Global grammar constraints
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Toby Walsh National ICT Australia and University of New South Wales www.cse.unsw.edu.au/~tw Joint work with Claude-Guy Quimper To be presented at CP06. Global Grammar Constraints . Global grammar constraints. Often easy to specify a global constraint ALLDIFFERENT([X1,..Xn]) iff

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Global grammar constraints l.jpg

Toby Walsh

National ICT Australia and

University of New South Wales

www.cse.unsw.edu.au/~tw

Joint work with Claude-Guy Quimper

To be presented at CP06

Global Grammar Constraints


Global grammar constraints2 l.jpg
Global grammar constraints

  • Often easy to specify a global constraint

    • ALLDIFFERENT([X1,..Xn]) iff

      Xi=/=Xj for i<j

  • Difficult to build an efficient and effective propagator

    • Especially if we want global reasoning


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Global grammar constraints

  • Promising direction initiated by Beldiceanu, Carlsson, Pesant and Petit is to specify constraints via automata/grammar

    • Sequence of variables =

      string in some formal language

    • Satisfying assignment =

      string accepted by the grammar/automata


Regular constraint l.jpg
REGULAR constraint

  • REGULAR(A,[X1,..Xn]) holds iff

    • X1 .. Xn is a string accepted by the deterministic finite automaton A

    • Proposed by Pesant at CP 2004

    • GAC algorithm using dynamic programming

    • However, DP is not needed since simple ternary encoding is just as efficient and effective

    • Encoding similar to that used by Beldiceanu et al for their automata with counters


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REGULAR constraint

  • Deterministic finite automaton (DFA)

    • <Q,Sigma,T,q0,F>

    • Q is finite set of states

    • Sigma is alphabet (from which strings formed)

    • T is transition function: Q x Sigma -> Q

    • q0 is starting state

    • F subseteq Q are accepting states

  • DFAs accept precisely regular languages


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REGULAR constraint

  • Many global constraints are instances of REGULAR

    • AMONG

    • CONTIGUITY

    • LEX

    • PRECEDENCE

    • STRETCH

    • ..

  • Domain consistency can be enforced in O(ndQ) time using dynamic programming


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REGULAR constraint

  • REGULAR constraint can be encoded into ternary constraints

  • Introduce Qi+1

    • state of the DFA after the ith transition

  • Then post sequence of constraints

    • C(Xi,Qi,Qi+1) iff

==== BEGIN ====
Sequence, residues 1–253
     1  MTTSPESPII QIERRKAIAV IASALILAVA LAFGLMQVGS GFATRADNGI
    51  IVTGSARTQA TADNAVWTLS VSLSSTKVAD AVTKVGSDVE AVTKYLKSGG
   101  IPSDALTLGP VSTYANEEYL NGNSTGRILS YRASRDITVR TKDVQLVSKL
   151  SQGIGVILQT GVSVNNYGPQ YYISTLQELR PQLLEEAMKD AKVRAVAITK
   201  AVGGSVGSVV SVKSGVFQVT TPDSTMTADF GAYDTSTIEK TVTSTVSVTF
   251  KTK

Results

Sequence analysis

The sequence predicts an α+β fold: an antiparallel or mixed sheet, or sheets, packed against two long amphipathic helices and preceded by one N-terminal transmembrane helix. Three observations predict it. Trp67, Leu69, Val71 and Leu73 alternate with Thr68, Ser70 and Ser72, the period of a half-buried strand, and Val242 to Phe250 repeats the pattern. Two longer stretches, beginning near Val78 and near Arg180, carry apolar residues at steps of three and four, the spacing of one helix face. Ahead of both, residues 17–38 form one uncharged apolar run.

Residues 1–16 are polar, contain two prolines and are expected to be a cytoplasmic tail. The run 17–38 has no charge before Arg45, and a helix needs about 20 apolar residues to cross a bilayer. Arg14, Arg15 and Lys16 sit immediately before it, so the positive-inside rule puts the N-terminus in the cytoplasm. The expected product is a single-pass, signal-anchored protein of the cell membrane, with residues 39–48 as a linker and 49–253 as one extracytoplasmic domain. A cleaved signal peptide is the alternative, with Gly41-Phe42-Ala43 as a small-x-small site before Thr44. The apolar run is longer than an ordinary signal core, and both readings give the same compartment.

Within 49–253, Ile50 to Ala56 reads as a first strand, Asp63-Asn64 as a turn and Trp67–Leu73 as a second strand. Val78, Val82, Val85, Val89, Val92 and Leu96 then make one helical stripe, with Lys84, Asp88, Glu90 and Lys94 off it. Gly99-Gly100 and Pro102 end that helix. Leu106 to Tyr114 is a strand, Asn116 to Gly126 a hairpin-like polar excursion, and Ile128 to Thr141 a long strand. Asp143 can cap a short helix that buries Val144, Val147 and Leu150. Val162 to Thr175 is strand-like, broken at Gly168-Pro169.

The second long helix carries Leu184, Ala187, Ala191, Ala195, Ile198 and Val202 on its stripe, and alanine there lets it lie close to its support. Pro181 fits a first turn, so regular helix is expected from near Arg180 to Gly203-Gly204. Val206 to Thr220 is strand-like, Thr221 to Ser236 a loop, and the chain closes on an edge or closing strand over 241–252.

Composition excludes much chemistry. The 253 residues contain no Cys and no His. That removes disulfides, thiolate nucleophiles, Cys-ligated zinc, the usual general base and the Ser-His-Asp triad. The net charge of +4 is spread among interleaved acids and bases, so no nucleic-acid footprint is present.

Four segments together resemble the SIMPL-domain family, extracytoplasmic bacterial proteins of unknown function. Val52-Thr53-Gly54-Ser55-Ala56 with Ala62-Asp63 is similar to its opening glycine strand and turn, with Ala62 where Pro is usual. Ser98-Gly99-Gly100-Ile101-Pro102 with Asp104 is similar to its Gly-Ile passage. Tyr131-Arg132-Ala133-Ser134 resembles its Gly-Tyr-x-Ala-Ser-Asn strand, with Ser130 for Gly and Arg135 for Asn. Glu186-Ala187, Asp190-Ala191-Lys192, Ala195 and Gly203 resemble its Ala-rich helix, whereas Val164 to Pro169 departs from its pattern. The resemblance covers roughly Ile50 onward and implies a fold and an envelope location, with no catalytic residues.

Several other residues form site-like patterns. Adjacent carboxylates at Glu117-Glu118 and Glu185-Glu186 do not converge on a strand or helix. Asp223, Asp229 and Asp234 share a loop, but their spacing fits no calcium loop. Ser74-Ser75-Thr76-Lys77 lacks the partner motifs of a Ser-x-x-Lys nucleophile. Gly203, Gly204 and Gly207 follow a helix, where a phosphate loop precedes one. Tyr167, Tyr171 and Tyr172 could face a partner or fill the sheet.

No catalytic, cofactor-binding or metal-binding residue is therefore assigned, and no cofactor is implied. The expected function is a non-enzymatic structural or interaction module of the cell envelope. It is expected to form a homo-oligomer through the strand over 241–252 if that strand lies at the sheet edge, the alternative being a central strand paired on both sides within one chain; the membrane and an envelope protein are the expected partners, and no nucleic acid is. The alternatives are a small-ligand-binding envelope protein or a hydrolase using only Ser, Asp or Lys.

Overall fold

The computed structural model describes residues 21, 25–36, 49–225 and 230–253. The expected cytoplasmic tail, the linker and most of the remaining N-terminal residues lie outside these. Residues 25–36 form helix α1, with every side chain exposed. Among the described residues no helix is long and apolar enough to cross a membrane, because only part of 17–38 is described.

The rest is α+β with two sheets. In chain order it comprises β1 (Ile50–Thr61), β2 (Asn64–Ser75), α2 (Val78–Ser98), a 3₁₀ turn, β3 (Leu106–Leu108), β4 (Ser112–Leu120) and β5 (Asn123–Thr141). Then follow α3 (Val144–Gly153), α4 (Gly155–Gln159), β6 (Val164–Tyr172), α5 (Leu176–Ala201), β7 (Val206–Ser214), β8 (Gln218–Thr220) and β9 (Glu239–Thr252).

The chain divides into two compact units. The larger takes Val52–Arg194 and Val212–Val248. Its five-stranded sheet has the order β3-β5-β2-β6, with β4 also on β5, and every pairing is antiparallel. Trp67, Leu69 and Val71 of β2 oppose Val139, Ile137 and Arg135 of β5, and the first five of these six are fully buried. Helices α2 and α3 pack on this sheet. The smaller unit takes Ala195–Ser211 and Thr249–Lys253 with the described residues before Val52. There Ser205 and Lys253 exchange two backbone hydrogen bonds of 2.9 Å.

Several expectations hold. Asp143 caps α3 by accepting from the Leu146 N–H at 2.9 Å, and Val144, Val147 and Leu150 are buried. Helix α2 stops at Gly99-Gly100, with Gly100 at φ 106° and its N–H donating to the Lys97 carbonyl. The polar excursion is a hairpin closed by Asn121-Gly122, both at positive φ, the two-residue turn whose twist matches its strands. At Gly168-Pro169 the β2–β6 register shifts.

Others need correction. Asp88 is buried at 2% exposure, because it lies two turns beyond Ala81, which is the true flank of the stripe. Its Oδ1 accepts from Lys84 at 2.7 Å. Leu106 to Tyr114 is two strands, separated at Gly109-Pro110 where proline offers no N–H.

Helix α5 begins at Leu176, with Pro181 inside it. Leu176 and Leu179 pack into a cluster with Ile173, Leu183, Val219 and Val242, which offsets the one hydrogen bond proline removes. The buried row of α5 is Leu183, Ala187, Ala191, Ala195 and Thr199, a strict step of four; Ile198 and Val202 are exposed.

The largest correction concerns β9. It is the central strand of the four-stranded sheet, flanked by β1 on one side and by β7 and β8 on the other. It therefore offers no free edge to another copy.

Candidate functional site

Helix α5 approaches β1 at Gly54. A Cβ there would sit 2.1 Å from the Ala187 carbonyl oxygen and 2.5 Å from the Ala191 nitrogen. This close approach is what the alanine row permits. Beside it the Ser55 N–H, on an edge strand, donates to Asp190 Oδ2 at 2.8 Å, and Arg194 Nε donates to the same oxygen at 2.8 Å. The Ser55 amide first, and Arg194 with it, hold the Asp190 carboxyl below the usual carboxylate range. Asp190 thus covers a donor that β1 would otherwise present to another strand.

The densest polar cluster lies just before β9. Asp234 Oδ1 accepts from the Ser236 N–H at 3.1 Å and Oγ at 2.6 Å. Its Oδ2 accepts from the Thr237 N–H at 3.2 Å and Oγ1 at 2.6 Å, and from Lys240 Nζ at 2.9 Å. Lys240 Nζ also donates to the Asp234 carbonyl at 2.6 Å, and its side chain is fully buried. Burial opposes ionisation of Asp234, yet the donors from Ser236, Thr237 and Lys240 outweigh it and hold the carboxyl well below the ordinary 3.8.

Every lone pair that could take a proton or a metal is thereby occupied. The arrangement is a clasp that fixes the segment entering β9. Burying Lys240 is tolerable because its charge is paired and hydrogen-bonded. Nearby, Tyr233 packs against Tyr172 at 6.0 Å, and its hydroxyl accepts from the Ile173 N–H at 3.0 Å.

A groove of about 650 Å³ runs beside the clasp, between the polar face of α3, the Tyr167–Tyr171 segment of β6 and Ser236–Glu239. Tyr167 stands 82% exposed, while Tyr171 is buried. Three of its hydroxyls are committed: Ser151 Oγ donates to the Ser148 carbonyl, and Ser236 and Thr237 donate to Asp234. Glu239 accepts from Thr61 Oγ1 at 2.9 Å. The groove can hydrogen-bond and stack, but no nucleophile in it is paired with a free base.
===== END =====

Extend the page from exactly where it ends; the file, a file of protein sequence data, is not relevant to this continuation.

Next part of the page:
DFA goes from state Qi to Qi+1 on symbol Xi


Regular constraint8 l.jpg
REGULAR constraint

  • REGULAR constraint can be encoded into ternary constraints

  • Constraint graph is Berge-acyclic

    • Constraints only overlap on one variable

    • Enforcing GAC on ternary constraints achieves GAC on REGULAR in O(ndQ) time


Regular constraint9 l.jpg
REGULAR constraint

  • REGULAR constraint can be encoded into ternary constraints

  • Constraint graph is Berge-acyclic

    • Constraints only overlap on one variable

    • Enforcing GAC on ternary constraints achieves GAC on REGULAR in O(ndQ) time

  • Encoding provides access to states of automata

    • Can be useful for expressing problems

    • E.g. minimizing number of times we are in a particular state


Regular constraint10 l.jpg
REGULAR constraint

  • STRETCH([X1,..Xn]) holds iff

    • Any stretch of consecutive values is between shortest(v) and longest(v) length

    • Any change (v1,v2) is in some permitted set, P

    • For example, you can only have 3 consecutive night shifts and a night shift must be followed by a day off


Regular constraint11 l.jpg
REGULAR constraint

  • STRETCH([X1,..Xn]) holds iff

    • Any stretch of consecutive values is between shortest(v) and longest(v) length

    • Any change (v1,v2) is in some permitted set, P

  • DFA

    • Qi is <last value, length of current stretch>

    • Q0= <dummy,0>

    • T(<a,q>,a)=<a,q+1> if q+1<=longest(a)

    • T(<a,q>,b)=<b,1> if (a,b) in P and q>=shortest(a)

    • All states are accepting


Nfa constraint l.jpg
NFA constraint

  • Automaton does not need to be deterministic

  • Non-deterministic finite automaton (NFA) still only accept regular languages

    • But may require exponentially fewer states

    • Important as O(ndQ) running time for propagator

    • E.g. 0* (1|2)^k 2 (1|2)* 2 (1|2)^k 0*

    • Where 0=closed, 1=production, 2=maintenance

  • Can use the same ternary encoding


Soft regular constraint l.jpg
Soft REGULAR constraint

  • May wish to be “near” to a regular string

  • Near could be

    • Hamming distance

    • Edit distance

  • SoftREGULAR(A,[X1,..Xn],N) holds iff

    • X1..Xn is at distance N from a string accepted by the finite automaton A

    • Can encode this into a sequence of 5-ary constraints